The Cold Inside
By AL BRUNO III
Thursday January 26, 1995
“I don’t think we’re the only ones to come this way.” Greg glanced at the path that had been made through the debris to the stairwell door. A piece of old police tape had gotten stuck to the bottom ofGreg’s shoe. He kicked and scraped at it with his other foot.
The dead man put his hand against the stairwell door, “The building’s shifting. Can you feel it?”
Greg glanced nervously at the ceiling, “What?”
“It’s all lining up like dominoes.” The dead man turned to him, “You shouldn’t be here.”
“Well, I am here.”
The dead man pushed the handle, the door to the stairway whispered open, “This isn’t one of your games.”
“Isn’t it?” Greg brushed past him. By the light from the fire he could see the stairwell was streaked and distorted, strange graffiti mingled on the walls. There were thick gashes on the steps, as though some kind of a wild animal had been loosed there, “Aren’t we scaling a tower to kill an evil wizard?”
The dead man cracked a little smile as he followed Greg. The door swung to a close. “Flashlight.” Greg said, “I left the flashlight in the car.”
“Just wait. Your eyes will adjust.”
“My eyes? What about yours?” Greg asked.
The dead man didn’t answer.
Robbed of his sight Greg waited for the shadows to resolve themselves. He could hear a distant reverberation; it made him imagine long abandoned machinery sputtering to life. What kind of machinery would be running here? The moment they started walking a strange rolling sensation began to tickle his stomach
“Can you feel the shifting?” The dead man said, “Grab hold of my shirt, there isn’t much time.”
Greg gripped the fabric, suppressing a shudder at the feel of the cold flesh beneath it. The spinning sensation seemed to grow worse with every step; the building seemed to pitch under his feet like a ship at sea. Thoughts of the sea were a source of momentary comfort for Greg. He and his father tried to go deep sea fishing at least once a year, his Dad loved it so much that usually for weeks afterwards he was using ocean metaphors in his sermons.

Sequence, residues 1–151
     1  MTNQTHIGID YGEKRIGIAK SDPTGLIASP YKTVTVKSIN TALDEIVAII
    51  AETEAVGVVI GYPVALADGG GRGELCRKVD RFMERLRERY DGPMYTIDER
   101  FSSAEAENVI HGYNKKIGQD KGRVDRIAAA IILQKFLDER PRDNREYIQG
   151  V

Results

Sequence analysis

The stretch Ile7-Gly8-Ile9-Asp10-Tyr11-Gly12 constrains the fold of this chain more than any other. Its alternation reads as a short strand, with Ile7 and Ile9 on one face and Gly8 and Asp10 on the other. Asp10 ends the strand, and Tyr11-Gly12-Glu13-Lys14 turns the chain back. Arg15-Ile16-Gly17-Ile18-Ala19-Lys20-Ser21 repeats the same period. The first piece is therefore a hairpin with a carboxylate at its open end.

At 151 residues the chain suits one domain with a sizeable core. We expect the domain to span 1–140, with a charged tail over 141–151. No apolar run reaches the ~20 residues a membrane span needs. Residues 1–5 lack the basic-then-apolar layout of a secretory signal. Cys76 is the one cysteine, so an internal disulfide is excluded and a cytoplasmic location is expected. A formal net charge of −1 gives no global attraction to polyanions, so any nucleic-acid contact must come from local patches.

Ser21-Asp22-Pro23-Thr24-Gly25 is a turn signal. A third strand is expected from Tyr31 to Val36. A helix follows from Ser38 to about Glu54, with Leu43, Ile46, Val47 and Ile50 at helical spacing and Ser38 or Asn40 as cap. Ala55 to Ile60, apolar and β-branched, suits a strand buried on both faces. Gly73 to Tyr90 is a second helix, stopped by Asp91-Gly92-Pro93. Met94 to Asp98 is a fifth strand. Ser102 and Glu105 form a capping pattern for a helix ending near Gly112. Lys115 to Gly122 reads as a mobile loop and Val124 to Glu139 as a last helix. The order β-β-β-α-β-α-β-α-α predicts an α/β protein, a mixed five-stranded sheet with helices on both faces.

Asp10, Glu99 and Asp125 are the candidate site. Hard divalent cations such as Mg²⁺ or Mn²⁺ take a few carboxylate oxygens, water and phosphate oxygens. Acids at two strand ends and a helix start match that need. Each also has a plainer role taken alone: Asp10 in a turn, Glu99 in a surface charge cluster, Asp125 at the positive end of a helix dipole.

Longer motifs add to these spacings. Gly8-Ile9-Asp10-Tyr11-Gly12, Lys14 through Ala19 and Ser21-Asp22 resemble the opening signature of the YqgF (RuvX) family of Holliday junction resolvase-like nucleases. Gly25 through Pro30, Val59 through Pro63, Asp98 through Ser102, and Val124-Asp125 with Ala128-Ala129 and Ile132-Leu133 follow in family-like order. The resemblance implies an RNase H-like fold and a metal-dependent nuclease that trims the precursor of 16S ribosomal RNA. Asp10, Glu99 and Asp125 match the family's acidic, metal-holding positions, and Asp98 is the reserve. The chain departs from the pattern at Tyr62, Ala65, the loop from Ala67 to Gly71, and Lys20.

By the time they had cleared the third floor landing Greg’s eyes had adjusted to the shadows. He could see the stairway was all ninety-degree angles but it felt like they were moving in an endless spiral. The patches of discoloration became full- fledged gaps in the walls, revealing hallways and rusted pipes.
“Tristam.” Greg said, “I hear voices... whispering.”
“Nothing that can bother us.” The dead man mechanically scaled the steps, one by one.
Bloated amorphous shapes slipped among the shadows, oozing out of the cracks and gaps in the walls, following them, crowding around them. Misshapen appendages clutched at Greg, whenever they touched him he felt a tremor of desperation. The whispers became louder, almost shouts.
“God.” Greg said, “What are they?”
The dead man replied, “Souls.... Ghosts might be a better word.”
The shapes crowded in around them, grasping lazily. The dead man pushed through them easily. “They can’t hurt us. Don’t be afraid...”
“...I turn away from my sins and ask you to forgive my sins...”
“What are you doing?”
“Praying.” Greg tried to keep his voice from shaking.
“I told you they can’t hurt us.”
“I’m praying for them.”
The dead man paused and spread his arms wide, “Don’t bother.”
Greg felt a tug, as though the off kilter gravity of the stairway had shifted again and now the dead man was the center of everything. The ‘ghosts’ became panicked.
One by one they were drawn to the dead man; they squealed in mindless panic, the sound resounding through Greg’s mind. “What are you doing?”
“Getting ready.” The dead man replied, “I have to fill in the parts he took as best I can.”
“You’re... you’re killing them?”
“Eat or be eaten.” When the stairway was empty save for the two of them, the dead man started walking again, “That’s the way of the world.”